For years, high-income folks have seen their write-offs for the most popular itemized deduction items (including mortgage interest, state and local income and property taxes, and charitable donations) reduced by a nasty phase-out rule. Another nasty phase-out rule reduced or eliminated personal and dependent exemption deductions. Thankfully, both phase-outs were completely repealed for 2010 as part of the Bush-era tax cuts. So you can write off the full amount of your itemized deductions and exemptions on your 2010 Form 1040 without any worries and without having to fill out phase-out worksheets to penalize yourself. More good news: the recent tax cut extension legislation repealed the phase-outs for 2011 and 2012 as well.

Liberalized Adoption Credit

For 2010, the maximum adoption credit was increased to $13,170 (up from $12,150 in 2009). In addition, the credit was made 100% refundable for the 2010 tax year (previously, it was nonrefundable). That means you'll receive a check for any leftover adoption credit after your federal income tax bill has been reduced to zero. To claim the credit, fill out Form 8839 (Qualified Adoption Expenses), and enter the credit on line 71 of Form 1040.

One-Time Break for Self-Employed Individuals

Self-employed folks can generally deduct their health insurance premiums on page 1 of Form 1040 (use line 29 for 2010). The deduction reduces their federal income tax bills, which is nice. However, the self-employed have never been allowed to deduct those premiums when calculating their self-employment tax bills on Schedule SE. Good news: for 2010 only, you can deduct health insurance premiums on line 3 of Schedule SE. So those premiums will reduce both your income tax bill and your SE tax bill. Unfortunately, this break will not be available for 2011 and beyond unless Congress extends it.

Homebuyer Credit Repayment Rules Kick In
As I explained in an earlier column, you may have to repay part or all of the credit claimed for a 2008 or 2009 home purchase with your 2010 Form 1040.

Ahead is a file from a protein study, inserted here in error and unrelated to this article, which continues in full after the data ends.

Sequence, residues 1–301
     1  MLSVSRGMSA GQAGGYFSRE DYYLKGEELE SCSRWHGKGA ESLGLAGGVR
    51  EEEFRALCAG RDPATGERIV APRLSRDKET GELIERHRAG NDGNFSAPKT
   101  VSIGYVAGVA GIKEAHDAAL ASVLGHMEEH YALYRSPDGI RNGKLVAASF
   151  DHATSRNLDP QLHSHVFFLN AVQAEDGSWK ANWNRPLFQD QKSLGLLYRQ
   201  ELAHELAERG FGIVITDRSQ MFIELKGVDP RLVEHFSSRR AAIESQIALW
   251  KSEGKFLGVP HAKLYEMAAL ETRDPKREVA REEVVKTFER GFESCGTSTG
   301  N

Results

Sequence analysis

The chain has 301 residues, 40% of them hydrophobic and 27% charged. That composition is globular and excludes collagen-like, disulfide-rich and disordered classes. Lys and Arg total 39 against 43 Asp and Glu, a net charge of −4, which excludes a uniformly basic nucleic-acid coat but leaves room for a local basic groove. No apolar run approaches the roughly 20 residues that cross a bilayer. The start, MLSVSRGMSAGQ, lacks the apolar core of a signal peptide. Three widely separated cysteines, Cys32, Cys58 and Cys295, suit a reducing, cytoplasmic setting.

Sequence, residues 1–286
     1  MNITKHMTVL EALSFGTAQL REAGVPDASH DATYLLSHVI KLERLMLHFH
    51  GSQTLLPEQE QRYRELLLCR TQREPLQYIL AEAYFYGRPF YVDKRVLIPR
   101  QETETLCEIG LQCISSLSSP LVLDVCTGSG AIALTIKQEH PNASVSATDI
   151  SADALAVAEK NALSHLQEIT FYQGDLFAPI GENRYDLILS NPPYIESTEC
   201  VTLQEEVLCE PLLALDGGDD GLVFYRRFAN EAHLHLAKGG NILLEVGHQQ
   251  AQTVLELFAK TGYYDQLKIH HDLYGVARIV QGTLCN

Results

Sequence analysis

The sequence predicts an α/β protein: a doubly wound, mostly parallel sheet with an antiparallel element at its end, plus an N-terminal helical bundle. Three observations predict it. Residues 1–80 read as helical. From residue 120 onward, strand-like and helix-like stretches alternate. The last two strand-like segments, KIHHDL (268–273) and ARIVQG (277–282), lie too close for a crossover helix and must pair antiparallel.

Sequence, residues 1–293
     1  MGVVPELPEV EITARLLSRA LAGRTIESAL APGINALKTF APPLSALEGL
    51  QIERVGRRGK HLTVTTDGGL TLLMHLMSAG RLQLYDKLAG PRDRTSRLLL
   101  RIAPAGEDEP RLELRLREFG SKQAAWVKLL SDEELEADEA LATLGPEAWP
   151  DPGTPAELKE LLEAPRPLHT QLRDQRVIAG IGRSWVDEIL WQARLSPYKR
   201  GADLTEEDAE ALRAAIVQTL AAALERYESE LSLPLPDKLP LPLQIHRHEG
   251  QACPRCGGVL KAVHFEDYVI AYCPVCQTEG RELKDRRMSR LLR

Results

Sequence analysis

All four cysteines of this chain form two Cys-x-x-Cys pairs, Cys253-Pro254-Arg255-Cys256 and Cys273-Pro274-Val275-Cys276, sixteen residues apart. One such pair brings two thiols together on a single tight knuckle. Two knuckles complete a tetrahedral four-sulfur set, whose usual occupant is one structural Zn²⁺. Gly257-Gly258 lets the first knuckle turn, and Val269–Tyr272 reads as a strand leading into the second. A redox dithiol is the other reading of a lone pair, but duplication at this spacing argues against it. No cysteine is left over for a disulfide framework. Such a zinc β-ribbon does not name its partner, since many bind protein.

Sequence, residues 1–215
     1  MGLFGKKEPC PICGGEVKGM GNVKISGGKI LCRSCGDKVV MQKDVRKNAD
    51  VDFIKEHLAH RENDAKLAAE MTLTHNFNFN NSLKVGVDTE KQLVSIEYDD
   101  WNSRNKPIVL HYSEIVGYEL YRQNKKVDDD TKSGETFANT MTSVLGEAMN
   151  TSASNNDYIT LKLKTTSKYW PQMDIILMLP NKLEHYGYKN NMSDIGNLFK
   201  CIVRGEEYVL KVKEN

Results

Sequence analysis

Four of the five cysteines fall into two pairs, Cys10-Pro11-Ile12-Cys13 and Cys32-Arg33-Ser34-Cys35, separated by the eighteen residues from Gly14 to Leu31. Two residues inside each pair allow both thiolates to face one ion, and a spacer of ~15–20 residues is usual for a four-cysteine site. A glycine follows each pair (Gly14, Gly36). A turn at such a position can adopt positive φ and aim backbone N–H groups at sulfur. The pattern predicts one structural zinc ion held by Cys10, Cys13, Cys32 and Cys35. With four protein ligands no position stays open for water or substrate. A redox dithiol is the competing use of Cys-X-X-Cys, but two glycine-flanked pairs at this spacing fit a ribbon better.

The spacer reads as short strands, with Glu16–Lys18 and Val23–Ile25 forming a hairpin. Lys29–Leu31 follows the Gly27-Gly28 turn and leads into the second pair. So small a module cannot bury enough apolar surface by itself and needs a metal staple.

In most cases, however, only those who purchased homes in 2008 will be affected. They will generally have to repay 1/15 of the credit with the 2010 Form 1040. If this rule impacts you, fill out Form 5405 (First-Time Homebuyer Credit and Repayment of the Credit), and enter the repayment amount as an addition to your tax bill on line 59 of Form 1040.

Real Estate Tax Deduction for Non-Itemizers is Gone
For 2008 and 2009, unmarried individuals who did not itemize could write off up to $500 of state and local real property taxes by claiming an increased standard deduction. Married joint-filing couples could write off up to $1,000. This add-on standard deduction deal for real estate taxes expired at the end of 2009, and it was not reinstated for 2010.

Deductions for Sales Taxes on New Vehicle Purchases Are Gone

The 2009 Stimulus Act created a temporary write-off for non-itemizers who paid state and local sales taxes on new vehicles purchased between 2/17/09 and 12/31/09. The write-off came in the form of an additional standard deduction allowance. Similarly, itemizers were allowed to claim an extra itemized deduction for such taxes. Both breaks lapsed at the end of 2009, and they were not reinstated for 2010.

Break for Unemployment Benefits Is Gone
In 2009, the first $2,400 of unemployment benefits was federal-income-tax-free. This break was not continued for 2010. Therefore, 100% of 2010 unemployment benefits generally must be reported as income on Form 1040 (use line 19).

Your Tax Preparer Might E-File Your Return This Time
Over the last few years, Congress has made tax-law changes that place increasing pressure on professional return preparers to electronically file more and more returns. As a result, your preparer might be forced to e-file your 2010 Form 1040 even if your returns for earlier years have always been done on paper. Get used to it.

Thursday, January 20, 2011

IRS will start processing tax returns under the GOP-Obama tax deal on Feb 14

The IRS has announced that February 14 will be the start date for taxpayers who file returns claiming itemized deductions on Schedule A, the higher education tuition and fees deduction on Form 8917, or the educator expenses deduction. (IR-2011-7) The IRS had earlier announced that due to changes made by the 2010 Tax Relief Act, those taxpayers would not be able to file until “mid- to late February.” (IR-2010-126)